They themselves have crossed this terrible ocean of samsaara and they help others also to cross the ocean of samsaara. In this manner we come down to our teacher, Pujya Swamiji.
The verse quoted above describes him very well. Thus do we salute this guru paramparaa, this lineage of teachers.
We as students of Vedanta are very fortunate If we see the tradition extending down to us, we should congratulate ourselves too, because, again, the VivekacudaamaNi  says:
मनुष्यत्वं मुमुक्षुत्वं महापुरुषसंश्रयः॥
durlabham trayamevaitad devaanugrahahetukam,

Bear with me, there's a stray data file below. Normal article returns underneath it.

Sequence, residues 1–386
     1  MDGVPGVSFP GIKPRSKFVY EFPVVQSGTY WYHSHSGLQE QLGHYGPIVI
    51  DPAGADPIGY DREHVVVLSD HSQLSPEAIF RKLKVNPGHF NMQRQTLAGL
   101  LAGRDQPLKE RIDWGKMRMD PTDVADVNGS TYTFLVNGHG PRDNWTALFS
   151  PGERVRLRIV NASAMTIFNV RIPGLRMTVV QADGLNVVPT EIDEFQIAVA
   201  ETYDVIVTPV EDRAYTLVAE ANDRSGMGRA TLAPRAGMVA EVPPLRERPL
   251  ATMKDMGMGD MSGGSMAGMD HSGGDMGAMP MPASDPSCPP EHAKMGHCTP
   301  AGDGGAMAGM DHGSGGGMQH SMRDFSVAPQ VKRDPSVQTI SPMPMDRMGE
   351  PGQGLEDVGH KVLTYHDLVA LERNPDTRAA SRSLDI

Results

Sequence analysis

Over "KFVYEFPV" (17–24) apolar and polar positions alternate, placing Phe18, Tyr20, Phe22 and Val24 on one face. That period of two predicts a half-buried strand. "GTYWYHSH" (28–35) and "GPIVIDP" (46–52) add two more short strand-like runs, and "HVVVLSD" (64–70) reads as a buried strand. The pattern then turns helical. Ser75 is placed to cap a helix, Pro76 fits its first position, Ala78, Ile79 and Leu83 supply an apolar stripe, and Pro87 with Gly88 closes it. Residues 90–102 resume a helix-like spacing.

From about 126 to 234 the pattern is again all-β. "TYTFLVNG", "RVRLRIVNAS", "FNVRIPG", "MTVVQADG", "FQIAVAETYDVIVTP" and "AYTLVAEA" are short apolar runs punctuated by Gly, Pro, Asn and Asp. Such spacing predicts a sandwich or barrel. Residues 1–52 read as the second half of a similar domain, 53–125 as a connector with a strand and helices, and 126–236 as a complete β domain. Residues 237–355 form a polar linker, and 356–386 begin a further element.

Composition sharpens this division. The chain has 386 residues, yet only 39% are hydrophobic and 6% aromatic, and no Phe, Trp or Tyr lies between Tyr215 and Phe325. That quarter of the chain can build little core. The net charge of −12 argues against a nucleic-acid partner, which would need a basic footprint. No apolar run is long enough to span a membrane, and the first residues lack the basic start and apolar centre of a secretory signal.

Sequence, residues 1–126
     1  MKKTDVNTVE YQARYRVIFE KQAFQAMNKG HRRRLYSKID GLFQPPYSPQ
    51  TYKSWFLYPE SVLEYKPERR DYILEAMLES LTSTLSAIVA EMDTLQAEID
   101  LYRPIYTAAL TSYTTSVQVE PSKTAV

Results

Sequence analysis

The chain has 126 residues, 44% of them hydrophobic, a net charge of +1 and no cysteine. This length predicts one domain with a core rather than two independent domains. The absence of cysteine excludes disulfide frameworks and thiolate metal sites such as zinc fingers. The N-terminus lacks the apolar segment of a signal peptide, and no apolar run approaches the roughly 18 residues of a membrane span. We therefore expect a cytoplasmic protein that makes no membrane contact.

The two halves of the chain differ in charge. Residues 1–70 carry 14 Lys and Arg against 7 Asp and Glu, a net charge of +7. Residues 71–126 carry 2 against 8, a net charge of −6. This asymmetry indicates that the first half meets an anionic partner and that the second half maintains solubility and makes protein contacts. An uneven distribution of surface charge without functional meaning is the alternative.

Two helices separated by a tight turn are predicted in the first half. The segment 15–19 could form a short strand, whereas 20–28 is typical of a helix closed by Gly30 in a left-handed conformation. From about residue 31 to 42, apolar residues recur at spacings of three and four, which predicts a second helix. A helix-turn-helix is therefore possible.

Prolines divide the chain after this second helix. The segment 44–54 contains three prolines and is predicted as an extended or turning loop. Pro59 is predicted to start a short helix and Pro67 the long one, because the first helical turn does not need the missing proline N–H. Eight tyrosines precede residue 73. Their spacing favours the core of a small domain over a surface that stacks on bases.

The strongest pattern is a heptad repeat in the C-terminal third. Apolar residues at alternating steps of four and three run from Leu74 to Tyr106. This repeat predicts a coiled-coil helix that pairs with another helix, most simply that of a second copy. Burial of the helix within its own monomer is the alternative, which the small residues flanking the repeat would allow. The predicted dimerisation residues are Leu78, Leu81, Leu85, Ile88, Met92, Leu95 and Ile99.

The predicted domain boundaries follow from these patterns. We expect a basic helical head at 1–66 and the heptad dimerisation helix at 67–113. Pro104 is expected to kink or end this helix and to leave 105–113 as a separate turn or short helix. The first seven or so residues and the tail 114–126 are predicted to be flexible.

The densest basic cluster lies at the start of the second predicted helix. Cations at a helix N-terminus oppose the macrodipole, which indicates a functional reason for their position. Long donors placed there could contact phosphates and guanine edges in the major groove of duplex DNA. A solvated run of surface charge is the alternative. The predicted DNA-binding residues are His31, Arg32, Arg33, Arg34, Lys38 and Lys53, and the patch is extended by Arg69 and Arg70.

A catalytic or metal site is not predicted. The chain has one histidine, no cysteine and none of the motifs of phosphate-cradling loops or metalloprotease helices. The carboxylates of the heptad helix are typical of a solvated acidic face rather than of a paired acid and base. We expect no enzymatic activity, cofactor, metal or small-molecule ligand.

manuShyatvam mumukShutvam mahaapuruShasamshrayam.
The status of a human being, the disposition of one who longs for freedom, and being under the tutelage of a teacher – this three-fold blessing is difficult to gain and has its cause only in the grace of the Lord.
These three are rare indeed, and they can be obtained only by the grace of God. So we must have done something right to deserve to be where we are. To gain this human embodiment is something very rare because we could have been in any one of the many million embodiments that exist in this universe.
Again, there are billions of human beings on this earth now, but we find that most people have no value for Self-knowledge. The KaThopaniShad [1-2-7] says, shravaNaayaapi bahubhiryo na labhyaH, this knowledge is not available even for listening, for most people.